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Change in Urban Society
Change In Urban Society
At the end of the 18th century a revolution in energy and industry began in England and spread rapidly all around Europe later in the 19th century, bringing about dramatic and radical change. A significant impact of the Industrial Revolution was that on urban society. The population of towns grew vastly because economic advantage entailed that the new factories and offices be situated in the cities. The outlook of the city and urban life in general were profoundly modified and altered. Modern industry created factory owners and capitalists who strengthened the wealth and size of the middle class. Beside the expansion of the bourgeoisie, the age of industrialization saw the emergence of a new urban proletariat - the working class. The life of this new group and its relations with the middle class are controversial issues to modern history. Some believe that the Industrial Revolution "inevitably caused much human misery" and affliction. Other historians profess that Industrialization brought economic improvement for the laboring classes. Both conclusions should be qualified to a certain extent. Economic growth does not mean more happiness. Given the contemporary stories by people at that time, life in the early urban society seems to have been more somber than historians are usually prow to describe it. No generalities about natural law or inevitable development can blind us to the fact, that the progress in which we believe has been won at the expense of much injustice and wrong, which was not inevitable. Still, I believe that industry was a salvation from a rapid population growth and immense poverty. Furthermore, by the end of the 19th century the appearance of European cities and life in them had evolved and change for the better.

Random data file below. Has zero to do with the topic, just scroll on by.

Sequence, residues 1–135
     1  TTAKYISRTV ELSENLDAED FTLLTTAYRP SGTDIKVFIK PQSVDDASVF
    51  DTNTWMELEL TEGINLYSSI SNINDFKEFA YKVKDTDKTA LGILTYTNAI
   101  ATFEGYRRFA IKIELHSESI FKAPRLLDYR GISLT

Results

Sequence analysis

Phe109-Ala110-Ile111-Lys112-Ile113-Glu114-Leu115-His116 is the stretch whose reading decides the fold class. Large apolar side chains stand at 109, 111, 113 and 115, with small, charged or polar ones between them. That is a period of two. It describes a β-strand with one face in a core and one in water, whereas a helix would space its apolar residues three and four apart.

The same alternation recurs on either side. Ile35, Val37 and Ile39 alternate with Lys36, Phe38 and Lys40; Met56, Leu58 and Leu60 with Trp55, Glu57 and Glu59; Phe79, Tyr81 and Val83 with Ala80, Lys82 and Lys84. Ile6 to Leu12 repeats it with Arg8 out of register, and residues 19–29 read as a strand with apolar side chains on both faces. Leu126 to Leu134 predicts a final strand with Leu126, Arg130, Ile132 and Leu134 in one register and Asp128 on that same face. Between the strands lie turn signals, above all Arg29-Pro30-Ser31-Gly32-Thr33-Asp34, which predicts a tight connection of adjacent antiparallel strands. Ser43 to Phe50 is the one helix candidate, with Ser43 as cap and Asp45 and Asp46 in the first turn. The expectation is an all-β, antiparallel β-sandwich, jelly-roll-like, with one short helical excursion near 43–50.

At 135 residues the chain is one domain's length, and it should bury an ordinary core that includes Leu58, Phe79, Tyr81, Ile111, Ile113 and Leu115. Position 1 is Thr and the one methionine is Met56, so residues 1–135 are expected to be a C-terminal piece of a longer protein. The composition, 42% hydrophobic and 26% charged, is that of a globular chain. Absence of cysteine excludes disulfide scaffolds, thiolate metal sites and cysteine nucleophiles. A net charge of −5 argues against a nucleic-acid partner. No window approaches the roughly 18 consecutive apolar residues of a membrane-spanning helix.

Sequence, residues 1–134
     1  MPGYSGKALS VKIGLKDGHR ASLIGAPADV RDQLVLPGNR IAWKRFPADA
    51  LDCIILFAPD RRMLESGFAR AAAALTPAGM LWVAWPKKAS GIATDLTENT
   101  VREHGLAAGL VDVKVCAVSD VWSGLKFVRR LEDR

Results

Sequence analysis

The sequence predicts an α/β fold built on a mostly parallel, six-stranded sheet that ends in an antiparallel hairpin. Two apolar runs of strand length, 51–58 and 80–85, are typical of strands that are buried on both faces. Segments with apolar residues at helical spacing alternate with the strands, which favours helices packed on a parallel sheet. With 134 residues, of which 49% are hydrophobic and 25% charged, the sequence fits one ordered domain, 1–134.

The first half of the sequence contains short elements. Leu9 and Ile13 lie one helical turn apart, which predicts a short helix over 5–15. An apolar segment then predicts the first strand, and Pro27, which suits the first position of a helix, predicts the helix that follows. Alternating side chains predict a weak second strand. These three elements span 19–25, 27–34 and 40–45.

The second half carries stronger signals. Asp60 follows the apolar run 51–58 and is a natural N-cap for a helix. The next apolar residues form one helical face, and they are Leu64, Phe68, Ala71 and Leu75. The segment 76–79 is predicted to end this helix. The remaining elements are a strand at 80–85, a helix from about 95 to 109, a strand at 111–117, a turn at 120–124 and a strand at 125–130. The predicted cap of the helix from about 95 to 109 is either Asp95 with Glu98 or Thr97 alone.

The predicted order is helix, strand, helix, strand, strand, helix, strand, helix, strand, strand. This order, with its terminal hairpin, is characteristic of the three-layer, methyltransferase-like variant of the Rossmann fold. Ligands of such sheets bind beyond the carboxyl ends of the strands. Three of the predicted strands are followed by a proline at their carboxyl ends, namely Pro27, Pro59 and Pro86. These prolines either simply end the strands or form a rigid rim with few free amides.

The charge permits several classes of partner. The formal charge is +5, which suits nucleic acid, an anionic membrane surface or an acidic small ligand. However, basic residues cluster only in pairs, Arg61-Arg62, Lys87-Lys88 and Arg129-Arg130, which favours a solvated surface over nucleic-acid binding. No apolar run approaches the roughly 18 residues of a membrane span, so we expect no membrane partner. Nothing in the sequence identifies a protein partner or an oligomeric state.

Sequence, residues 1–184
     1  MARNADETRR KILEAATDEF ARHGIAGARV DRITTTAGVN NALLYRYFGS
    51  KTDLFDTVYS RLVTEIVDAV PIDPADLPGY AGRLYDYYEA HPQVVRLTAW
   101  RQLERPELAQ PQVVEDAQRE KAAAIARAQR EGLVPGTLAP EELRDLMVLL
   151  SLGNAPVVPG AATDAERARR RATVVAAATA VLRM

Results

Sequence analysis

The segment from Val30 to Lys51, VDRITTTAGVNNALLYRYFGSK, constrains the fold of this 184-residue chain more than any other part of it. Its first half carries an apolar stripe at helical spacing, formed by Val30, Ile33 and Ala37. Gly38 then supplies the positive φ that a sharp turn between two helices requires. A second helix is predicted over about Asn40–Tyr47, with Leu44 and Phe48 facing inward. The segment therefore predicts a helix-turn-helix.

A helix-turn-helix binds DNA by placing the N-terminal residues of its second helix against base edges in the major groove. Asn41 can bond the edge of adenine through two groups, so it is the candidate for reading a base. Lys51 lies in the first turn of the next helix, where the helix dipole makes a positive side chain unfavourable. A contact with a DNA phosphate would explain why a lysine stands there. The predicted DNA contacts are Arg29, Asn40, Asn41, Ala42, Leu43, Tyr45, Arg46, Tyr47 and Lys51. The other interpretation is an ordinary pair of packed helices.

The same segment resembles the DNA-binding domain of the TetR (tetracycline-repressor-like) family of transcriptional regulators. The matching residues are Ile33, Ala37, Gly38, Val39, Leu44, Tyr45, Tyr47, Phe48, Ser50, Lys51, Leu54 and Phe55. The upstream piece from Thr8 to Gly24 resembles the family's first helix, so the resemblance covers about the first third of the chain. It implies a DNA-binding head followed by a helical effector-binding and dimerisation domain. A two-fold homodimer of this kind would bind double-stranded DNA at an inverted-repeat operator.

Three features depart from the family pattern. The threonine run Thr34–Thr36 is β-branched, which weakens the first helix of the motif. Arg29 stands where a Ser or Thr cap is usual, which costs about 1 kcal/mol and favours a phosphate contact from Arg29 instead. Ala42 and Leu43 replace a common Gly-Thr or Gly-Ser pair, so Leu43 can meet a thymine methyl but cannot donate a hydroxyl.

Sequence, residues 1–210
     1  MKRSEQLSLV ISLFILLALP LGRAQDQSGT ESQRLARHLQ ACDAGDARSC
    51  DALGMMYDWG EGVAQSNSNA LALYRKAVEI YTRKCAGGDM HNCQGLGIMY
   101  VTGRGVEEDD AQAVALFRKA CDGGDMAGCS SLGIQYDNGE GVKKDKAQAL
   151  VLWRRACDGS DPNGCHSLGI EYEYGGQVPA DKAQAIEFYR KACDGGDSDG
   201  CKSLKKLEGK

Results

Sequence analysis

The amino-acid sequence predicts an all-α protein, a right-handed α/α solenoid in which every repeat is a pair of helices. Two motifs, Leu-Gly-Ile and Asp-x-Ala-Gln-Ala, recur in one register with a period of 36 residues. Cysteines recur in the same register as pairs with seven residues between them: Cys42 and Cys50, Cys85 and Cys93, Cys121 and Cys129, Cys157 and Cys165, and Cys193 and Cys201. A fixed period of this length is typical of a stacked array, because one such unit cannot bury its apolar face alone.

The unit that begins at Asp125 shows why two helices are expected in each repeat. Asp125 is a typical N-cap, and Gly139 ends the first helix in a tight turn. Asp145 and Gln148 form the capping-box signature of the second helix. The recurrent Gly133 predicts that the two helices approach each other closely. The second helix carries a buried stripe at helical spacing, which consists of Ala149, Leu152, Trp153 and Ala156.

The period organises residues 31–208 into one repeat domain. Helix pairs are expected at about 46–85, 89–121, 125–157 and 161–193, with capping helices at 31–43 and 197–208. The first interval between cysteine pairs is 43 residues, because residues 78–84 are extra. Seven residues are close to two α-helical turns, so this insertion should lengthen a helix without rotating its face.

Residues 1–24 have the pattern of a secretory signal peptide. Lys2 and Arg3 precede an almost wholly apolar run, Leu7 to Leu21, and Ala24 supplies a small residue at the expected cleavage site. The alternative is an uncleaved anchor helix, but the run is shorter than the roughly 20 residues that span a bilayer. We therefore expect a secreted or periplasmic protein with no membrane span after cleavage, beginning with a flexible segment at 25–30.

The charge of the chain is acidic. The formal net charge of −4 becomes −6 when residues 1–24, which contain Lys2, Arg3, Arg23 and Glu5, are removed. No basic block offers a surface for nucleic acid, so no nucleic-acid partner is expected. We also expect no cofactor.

Industrialization was preceded and accompanied by rapid population growth, which began in Europe after 1720. People had serious difficulty providing their subsistence by simply growing their food. There was widespread poverty and underemployment. Moreover, the need for workers in the city was huge. More and more factories were opening their doors. The result of this was a vast migration from the countryside to the city where peasants were already being employed. "The number of people living in the cities of 20000 or more in England and Wales jumped from 1.5 million in 1801 to 6.3 million by 1891" (Mckay, 762).
With this mass exodus from the countryside, life in urban areas changed drastically. Overcrowding exacerbated by lack of sanitation and medical knowledge made life in the city quite hard and miserable. A description of Manchester in 1844, given by one of the most passionate critics of the Industrial Revolution, Friederich Engels, conveys in great detail the deplorable outlook of the city. "…the confusion has only recently reached its height when every scrap of space left by the old way of building has been filled up or patched over until not a foot of land is left to be further occpupied" (Engels 2). Lack of sanitation caused people to live in such filth and scum that is hard to imagine. "In dry weather, a long string of the most disgusting, blackish-green, slime pools are left standing on this bank, from depths of which bubbles of miasmatic gas constantly arise and give forth a stench unendurable even on the bridge forty or fifty feet above the surface of the stream" (Engels 2).
The appalling living conditions in the city during the early stages of the Industrial Revolution brought about two important changes. By developing his famous germ theory of disease, Louis Pasteur brought about the so-called Bacterial revolution and lead the road to taming the ferocity of the death in urban areas caused by unsanitary and overcrowded living conditions. The theory that disease was inflicted by microorganisms completely revolutionized modern medicine and brought about the important health movement in the city. After 1870 sanitation was a priority on the agenda lists of city administration in most industrialized European countries. Urban planning and transportation after 1870 transformed European cities into beautiful and enchanting places. Water supply systems and waste disposals construction were accompanied by the building of boulevards, townhalls, theaters, museums. The greatest innovation in this area at the time -the electric streetcar- immensely facilitated the expansion of the city and helped alleviate the problem
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Urban studies and planning, Karl Marx, Sociocultural evolution, Modern history, Modernism, Working class, Urban sociology, Industrial Revolution, Friedrich Engels, Sanitation, American urban history, Urban history
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